Hello!  Look up!  He might be right in front of you!

I find myself running into friends on the street all the time.  We notice each other from up the street because we're active participants in the moment we're in. 

I've also heard from friends who say, "I was just there!  Why didn't I see you?"

"Were you on the phone/texting/im-ing?"


"That would be why."

So keep your eyes and ears open.

One week

I have been a father for one week. 

It seems like longer.  Seems like I've been doing it all my life.  Holding him is one of the great joys of my life.  He opened his eyes within the first hour, really opened his eyes and took in the world.  I'm amazed at how alert he is already. 

We are in the middle of a little experiment.  Since Angie is on maternity leave and her mother is here to help out, I went right back to work this week.  We thought it would be helpful for me to know what she's going to go through when she goes back to work and I stay at home with him.  My boss told me it was quite enlightened of us. 

Something odd happened this morning on the way to work.  As I walked to work today I realized how much I enjoy mornings in New York.  I stopped and grabbed a coffee, walking with the early morning work crowd on this crisp sun soaked spring morning and wondered how my days would soon change.  No more solo walks through midtown, skyscrapers towering over me.  Soon it will be me and a little one, bottle feedings, into the stroller and maybe heading to a cafe to write while he sleeps in his carrier.  All very suburban in our little enclave in Queens.  It's going to be a big change.  This little role reversal will make me appreciate these mornings but having had them, I can't wait to start spending my mornings with my little man.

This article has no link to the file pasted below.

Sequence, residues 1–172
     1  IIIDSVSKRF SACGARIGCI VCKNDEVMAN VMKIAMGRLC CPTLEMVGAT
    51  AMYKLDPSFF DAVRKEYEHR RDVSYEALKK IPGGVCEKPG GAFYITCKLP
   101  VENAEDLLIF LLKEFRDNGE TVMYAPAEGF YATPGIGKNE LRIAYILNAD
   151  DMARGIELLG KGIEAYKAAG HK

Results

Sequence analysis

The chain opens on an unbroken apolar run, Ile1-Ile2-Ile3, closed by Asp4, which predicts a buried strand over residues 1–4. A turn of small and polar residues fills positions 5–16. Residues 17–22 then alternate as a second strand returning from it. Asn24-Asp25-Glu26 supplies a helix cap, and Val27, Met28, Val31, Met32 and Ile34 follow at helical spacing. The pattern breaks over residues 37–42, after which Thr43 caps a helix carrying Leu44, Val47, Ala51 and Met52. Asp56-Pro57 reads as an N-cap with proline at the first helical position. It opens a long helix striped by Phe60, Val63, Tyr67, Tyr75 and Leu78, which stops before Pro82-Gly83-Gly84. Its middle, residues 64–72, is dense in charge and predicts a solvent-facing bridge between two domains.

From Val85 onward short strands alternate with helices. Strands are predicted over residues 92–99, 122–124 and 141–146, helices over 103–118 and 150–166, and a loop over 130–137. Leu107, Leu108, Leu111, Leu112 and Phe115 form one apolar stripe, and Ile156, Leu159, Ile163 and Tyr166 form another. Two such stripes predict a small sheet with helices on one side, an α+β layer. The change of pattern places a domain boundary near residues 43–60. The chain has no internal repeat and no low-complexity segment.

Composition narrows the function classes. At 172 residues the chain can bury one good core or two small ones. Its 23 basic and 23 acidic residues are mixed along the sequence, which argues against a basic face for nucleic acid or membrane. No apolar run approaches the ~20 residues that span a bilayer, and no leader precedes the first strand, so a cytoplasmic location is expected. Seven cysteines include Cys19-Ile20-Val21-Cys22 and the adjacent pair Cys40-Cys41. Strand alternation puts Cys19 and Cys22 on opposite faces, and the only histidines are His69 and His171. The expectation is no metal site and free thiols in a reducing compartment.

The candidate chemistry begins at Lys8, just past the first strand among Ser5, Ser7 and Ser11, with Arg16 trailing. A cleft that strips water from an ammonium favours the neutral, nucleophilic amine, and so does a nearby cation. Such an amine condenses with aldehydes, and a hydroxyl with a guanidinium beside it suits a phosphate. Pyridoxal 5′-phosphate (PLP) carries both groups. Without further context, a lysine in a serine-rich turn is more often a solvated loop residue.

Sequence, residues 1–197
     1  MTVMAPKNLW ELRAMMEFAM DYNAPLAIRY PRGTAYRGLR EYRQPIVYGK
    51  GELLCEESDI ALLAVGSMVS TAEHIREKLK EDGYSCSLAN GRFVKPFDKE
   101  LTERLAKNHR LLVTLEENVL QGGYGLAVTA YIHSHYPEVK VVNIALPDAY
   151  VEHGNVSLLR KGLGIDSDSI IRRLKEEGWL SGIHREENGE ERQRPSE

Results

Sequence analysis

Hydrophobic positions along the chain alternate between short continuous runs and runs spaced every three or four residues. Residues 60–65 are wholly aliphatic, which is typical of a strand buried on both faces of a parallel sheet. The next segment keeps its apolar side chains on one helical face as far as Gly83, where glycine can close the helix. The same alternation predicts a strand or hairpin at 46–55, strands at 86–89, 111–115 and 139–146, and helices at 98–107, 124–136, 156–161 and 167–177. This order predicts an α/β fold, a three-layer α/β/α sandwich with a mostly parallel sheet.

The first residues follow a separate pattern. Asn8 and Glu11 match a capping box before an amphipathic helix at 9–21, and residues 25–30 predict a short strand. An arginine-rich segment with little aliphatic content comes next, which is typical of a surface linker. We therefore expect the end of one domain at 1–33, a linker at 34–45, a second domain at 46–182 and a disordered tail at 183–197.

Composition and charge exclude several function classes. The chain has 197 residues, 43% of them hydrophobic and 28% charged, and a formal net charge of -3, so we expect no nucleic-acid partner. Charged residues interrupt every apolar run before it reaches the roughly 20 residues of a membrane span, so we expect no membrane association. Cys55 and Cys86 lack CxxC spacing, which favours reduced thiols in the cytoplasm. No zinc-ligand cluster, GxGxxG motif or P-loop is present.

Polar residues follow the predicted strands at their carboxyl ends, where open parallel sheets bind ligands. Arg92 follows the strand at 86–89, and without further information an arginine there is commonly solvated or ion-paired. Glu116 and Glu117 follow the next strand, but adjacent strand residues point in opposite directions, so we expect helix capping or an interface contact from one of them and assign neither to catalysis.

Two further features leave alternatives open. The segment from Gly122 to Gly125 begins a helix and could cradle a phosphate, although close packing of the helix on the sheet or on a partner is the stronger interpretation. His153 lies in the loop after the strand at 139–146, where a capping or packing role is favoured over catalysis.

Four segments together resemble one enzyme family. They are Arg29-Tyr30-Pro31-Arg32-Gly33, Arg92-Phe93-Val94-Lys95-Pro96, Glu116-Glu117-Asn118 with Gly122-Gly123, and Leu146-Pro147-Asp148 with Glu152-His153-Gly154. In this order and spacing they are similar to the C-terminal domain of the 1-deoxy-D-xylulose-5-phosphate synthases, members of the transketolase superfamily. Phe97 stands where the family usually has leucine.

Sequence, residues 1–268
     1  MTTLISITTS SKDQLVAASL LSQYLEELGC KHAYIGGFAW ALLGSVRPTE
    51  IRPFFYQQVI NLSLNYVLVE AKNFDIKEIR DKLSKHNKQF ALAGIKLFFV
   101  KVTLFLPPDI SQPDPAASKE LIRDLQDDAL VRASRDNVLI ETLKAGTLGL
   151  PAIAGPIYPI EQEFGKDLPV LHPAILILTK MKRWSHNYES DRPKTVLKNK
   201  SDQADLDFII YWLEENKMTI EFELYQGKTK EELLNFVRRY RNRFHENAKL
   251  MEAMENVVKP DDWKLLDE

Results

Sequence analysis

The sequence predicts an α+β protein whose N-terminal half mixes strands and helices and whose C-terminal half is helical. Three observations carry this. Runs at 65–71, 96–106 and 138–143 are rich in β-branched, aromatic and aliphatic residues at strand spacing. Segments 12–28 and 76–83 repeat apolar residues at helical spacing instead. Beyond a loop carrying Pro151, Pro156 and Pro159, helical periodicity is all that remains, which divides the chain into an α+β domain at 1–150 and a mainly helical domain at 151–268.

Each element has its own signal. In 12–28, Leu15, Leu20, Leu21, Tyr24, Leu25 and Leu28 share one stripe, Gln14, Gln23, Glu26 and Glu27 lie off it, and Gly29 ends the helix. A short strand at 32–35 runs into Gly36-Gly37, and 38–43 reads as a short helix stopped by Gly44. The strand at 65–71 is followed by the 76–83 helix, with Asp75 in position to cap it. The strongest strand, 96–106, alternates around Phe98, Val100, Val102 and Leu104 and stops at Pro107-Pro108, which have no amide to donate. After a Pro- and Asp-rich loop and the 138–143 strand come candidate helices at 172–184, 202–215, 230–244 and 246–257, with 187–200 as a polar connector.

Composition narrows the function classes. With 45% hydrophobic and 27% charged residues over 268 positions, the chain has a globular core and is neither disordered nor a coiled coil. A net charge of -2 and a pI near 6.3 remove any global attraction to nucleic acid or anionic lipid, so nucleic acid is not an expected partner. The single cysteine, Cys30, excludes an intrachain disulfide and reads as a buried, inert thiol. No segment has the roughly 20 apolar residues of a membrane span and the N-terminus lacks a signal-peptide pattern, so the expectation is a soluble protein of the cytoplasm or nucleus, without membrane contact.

Day Four

What have we learned so far?

Labor and Delivery:  Stay flexible.  No matter what your birth plan, it's not going to matter.  When we walked in, water broken and no contractions, we expected to just come in and follow the birth plan.


We don't want to be tethered to the machines.  They tethered her to the machines. 

Can we not be tied to an IV the entire time?  Nope.  You're hooked to the IV and we're going to spill some blood on you when we do it.  Don't worry, it'll be yours.

We'd like our doctor there.  Sorry - she's not on call this evening and the doctor from the practice who is on call will never show up.

Do you have all our paperwork?  Nope.  He's come three weeks early - we're going to have to do all the blood tests again and while you're going through active labor and having contractions, we'll be asking you questions about your insurance.